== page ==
The Facebook post above claims that a series of global upheavals, including the Quran burnings, are all part of the realization of the Jewish plan as laid out in the Protocols. 

The user also re-shared their own post from 2018, saying: “The story goes back to The Protocols of the Elders of Zion, which is a whole plan. They must transform all the peoples on earth into [goyim], that is, small human herds, by breaking up societies into small fighting groups and making their countries into small, dispersed states, in which many will die from fighting and chaos, hunger, and homelessness, in addition, of course, to global climate change, which will eliminate livestock and agricultural wealth in many large parts of the world, leaving only half a billion out of 4 billion in the world, according to the plan, and they will be the best and the smartest people, and they will have the mental and physical control to implement their plan […].”

In the post below, the Protocols of the Elders of Zion aren’t specifically mentioned, but the tactics that they describe are given a modern-day update. This post alleges that Jews puppeteer a non-Jewish person to burn the Quran in order to achieve their goals without coming into open conflict with Muslims and Arabs.

Translation: “American Jews are known for their disloyalty like the Jews of Israel, so in order not to clash with Muslims and Arabs, they put an infidel in Sweden to burn a copy of the Quran so that there is no confrontation between the Jews of Israel and the Arabs and the Muslims.”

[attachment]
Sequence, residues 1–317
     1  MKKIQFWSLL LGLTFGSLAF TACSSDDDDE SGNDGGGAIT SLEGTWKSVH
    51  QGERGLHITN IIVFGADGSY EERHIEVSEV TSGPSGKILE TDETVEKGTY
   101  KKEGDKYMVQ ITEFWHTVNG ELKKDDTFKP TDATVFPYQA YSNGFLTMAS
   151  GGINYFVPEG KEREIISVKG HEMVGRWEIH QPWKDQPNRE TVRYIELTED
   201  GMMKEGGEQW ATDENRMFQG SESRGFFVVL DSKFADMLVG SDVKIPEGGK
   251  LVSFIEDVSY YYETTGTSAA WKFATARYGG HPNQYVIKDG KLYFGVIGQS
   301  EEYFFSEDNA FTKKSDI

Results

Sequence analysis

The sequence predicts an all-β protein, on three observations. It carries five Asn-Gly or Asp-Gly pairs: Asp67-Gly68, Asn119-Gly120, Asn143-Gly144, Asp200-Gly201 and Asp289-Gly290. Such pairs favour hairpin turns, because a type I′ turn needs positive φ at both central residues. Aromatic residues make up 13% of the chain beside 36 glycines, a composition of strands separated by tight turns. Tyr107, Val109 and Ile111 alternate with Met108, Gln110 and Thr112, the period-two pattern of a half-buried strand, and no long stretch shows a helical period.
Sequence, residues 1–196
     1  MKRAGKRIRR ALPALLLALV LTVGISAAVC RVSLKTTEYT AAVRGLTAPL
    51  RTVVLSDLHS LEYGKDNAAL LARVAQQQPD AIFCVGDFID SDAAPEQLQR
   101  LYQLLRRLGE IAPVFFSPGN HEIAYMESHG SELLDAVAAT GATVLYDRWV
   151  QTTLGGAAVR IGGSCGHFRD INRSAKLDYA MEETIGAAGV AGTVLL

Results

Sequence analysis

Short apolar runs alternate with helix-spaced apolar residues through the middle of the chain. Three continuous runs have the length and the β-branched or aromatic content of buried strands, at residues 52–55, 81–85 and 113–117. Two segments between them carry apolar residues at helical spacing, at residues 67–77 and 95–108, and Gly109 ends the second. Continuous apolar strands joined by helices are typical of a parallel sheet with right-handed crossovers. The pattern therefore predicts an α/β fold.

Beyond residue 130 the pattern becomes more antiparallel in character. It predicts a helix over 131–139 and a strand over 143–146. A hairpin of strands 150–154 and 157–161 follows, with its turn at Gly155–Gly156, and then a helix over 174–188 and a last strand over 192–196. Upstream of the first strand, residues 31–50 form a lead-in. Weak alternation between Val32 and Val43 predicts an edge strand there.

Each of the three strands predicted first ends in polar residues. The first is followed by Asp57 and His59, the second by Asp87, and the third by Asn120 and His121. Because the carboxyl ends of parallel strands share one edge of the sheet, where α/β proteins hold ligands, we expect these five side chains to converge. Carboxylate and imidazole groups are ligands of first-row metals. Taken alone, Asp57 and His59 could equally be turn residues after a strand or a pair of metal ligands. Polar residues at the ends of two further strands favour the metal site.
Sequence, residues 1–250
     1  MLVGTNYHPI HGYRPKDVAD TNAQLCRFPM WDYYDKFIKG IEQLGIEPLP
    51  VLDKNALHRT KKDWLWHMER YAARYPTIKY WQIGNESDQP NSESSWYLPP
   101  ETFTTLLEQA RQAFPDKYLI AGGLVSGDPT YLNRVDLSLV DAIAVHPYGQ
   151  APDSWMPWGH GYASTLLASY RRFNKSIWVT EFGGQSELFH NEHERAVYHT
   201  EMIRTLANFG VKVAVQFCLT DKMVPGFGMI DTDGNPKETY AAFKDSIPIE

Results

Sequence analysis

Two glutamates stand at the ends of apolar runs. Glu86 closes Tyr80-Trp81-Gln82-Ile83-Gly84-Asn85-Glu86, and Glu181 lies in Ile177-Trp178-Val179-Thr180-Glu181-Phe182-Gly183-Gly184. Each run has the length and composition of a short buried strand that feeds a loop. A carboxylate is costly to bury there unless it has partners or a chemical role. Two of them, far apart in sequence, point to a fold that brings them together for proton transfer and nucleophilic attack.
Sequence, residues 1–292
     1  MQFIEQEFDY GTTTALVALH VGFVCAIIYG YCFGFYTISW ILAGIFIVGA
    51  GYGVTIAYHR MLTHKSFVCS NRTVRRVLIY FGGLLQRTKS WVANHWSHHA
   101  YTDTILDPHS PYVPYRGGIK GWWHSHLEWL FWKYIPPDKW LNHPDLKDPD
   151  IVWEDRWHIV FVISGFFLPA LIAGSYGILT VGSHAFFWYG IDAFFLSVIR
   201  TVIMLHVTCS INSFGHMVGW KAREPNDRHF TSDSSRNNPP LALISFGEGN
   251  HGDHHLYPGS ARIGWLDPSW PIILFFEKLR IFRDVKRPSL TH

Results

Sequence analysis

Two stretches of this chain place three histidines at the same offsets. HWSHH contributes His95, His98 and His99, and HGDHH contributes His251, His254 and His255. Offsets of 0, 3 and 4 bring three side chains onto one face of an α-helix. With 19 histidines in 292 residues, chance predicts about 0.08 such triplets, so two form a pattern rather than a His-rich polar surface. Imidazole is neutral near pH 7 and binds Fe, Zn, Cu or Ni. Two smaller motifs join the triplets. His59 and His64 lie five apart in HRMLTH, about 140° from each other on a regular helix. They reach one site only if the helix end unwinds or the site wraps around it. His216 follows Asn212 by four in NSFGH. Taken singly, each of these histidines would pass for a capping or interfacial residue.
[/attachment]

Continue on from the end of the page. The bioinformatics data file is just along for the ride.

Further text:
Blaming the Mossad for the Quran Desecrations

A number of posts accused the Israeli Mossad of orchestrating the Quran burnings in order to create conflict between Muslims and Christians.  The main proponents of this conspiracy theory are the Iranian Ministry of Intelligence and Hezbollah leader Hassan Nasrallah.  This claim intertwines Protocols tactics with the State of Israel into a larger conspiracy of global Jewish control through instigating conflict between different groups. Additional online conspiracy theories linking the Mossad with sowing discord include the theory that Israel caused 9/11

This TikTok video alone reached 771K views! Text in the video reads: “Revealing the connection between the Quran’s abuser in Sweden and the Mossad.” The video investigates the connection between the Quran burning in Sweden and the Mossad. It quotes alleged Iranian intelligence claiming that “It has verified information regarding working connections between Silwan Momika, who desecrated the Quran in Sweden, and the Israeli Mossad” (00:06-00:08). 

Defacing Holy Books: Free Speech or Hate Speech?

When Elon Musk took over Twitter in October 2022, he made freedom of speech one of his top priorities, declaring a “freedom of speech, not freedom of reach” approach.  According to the policy, Twitter would be a platform where anyone could say anything, but where the reach of posts could be limited. Organizations working to limit hate speech decried this policy, with the Center for Countering Digital Hate releasing a report showing that hate speech skyrocketed following Musk’s takeover.

In November 2022, the European Union passed the Digital Services Act, empowering the E.U. to fine social media companies for improperly removing illegal hate speech as defined by E.U. law.  As Sweden bids to join the E.U., the country’s permissive free speech policies are coming into conflict with E.U. regulations.

Freedom of speech is important, but so are freedom of religion and human dignity. Desecrating holy texts sends the message that that religion or that that people’s religious beliefs, are less important or less meaningful. It is a disrespectful and hateful act that undermines the critical human values ​​of tolerance and freedom of religion and only serves to perpetuate hate and violence.